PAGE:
Tata Motors-owned Jaguar Land Rover has recently joined hands with BMW to develop next generation electric drive systems. The collaboration seeks to advance development of electrification technology to support transition autonomous, connected, electric, shared (ACES) future, Jaguar Land Rover said in a statement.
The two partners will invest jointly in research and development, engineering and procurement with an aim to provide the necessary economies of scale to support increased consumer adoption of electric vehicles, it added.
The strategic collaboration will build on the considerable knowledge and expertise in electrification at both the companies."We've proven we can build world beating electric cars but now we need to scale the technology to support the next generation of Jaguar and Land Rover products. It was clear from discussions with BMW Group that both companies' requirements for next generation EDUs (electric drive units) to support this transition have significant overlap making for a mutually beneficial collaboration," JLR Engineering Director Nick Rogers said.
JLR's has already demonstrated its capability field through its premium battery electric SUV Jaguar I-PACE, as well as plug-in hybrid models. BMW Group also has vast experience of developing and producing several generations of electric drive units in-house since it launched the BMW i3 in 2013.
JLR said the agreement will enable both the companies to take advantage of efficiencies arising from shared research and development and production planning as well as economies of scale from joint procurement across the supply chain.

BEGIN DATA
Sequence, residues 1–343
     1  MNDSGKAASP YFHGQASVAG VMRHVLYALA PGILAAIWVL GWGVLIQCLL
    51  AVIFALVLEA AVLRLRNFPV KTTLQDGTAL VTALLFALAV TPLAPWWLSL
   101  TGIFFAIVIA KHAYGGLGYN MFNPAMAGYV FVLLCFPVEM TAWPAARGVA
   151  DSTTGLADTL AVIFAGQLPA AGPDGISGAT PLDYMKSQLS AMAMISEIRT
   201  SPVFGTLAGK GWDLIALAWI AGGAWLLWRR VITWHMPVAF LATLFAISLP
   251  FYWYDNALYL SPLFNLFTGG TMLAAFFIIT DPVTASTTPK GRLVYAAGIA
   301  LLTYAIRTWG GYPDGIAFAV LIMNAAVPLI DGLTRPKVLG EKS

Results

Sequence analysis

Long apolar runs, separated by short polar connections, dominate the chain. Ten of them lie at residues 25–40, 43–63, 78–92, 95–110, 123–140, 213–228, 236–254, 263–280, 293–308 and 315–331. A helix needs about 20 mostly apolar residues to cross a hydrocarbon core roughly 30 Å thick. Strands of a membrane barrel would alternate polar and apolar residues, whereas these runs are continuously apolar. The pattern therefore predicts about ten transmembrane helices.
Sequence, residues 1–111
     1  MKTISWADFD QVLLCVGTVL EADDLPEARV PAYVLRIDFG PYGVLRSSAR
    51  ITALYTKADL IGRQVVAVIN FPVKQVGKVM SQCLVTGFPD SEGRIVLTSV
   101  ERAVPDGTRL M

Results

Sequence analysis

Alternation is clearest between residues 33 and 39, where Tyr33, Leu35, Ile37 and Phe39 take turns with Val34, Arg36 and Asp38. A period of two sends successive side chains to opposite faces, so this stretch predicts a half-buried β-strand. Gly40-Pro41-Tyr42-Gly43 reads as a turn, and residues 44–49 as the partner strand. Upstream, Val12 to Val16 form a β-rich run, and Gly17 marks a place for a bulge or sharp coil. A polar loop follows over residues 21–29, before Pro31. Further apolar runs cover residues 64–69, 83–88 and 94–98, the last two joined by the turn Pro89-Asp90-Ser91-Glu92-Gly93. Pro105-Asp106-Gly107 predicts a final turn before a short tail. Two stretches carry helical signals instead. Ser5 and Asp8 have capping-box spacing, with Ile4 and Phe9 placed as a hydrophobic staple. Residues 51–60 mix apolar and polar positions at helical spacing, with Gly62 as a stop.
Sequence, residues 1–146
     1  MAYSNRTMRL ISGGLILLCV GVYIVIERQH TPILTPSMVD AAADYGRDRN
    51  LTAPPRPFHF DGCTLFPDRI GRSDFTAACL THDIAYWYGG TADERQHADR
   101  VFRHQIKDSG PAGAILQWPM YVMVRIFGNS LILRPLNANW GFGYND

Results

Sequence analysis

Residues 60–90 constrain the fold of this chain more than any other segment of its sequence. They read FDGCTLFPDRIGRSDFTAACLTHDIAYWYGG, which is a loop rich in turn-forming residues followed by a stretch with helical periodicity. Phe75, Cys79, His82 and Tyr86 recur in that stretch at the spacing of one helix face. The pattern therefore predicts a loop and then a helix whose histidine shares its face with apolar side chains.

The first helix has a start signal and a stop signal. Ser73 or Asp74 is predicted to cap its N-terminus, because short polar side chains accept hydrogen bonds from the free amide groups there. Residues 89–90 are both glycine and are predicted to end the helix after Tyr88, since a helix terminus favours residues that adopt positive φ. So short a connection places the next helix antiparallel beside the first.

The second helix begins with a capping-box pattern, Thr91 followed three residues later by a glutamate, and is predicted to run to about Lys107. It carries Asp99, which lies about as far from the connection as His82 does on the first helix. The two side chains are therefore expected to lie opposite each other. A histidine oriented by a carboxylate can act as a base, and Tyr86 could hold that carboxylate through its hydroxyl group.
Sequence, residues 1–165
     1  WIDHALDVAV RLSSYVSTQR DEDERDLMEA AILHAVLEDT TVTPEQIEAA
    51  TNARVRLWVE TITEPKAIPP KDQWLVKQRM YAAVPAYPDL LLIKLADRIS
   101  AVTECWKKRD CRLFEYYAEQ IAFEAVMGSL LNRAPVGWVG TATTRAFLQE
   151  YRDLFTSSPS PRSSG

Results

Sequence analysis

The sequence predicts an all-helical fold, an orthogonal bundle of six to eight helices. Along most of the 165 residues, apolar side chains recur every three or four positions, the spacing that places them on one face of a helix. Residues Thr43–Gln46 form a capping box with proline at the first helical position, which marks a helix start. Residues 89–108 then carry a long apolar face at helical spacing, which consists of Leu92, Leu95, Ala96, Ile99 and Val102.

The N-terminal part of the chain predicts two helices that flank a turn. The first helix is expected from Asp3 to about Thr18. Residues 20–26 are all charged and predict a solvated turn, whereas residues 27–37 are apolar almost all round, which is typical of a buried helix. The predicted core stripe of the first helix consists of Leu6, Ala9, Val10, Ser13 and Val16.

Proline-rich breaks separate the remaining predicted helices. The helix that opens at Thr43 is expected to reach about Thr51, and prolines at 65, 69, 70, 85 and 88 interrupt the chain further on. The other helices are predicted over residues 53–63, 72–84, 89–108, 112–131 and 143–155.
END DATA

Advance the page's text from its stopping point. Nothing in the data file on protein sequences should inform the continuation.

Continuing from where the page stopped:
As part of their agreement, a team of JLR and BMW Group experts will engineer the EDUs with both partners developing the systems to deliver the specific characteristics required for their respective range of products, the statement said, adding the EDUs will be manufactured by each partner in their own production facilities.
For JLR this will be at its Wolverhampton-based Engine Manufacturing Centre (EMC), which was confirmed as the home for the company's global EDU production in January of this year, it said.
The plant, which employs 1,600 people, will be the centre of propulsion system manufacturing, offering full flexibility between clean lngenium petrol and diesel engines and electric units.
The EMC will be complemented by the recently announced Battery Assembly Centre at Hams Hall, near Birmingham, in supplying electrified powertrain systems to JLR'S global vehicle PLANTS, it said.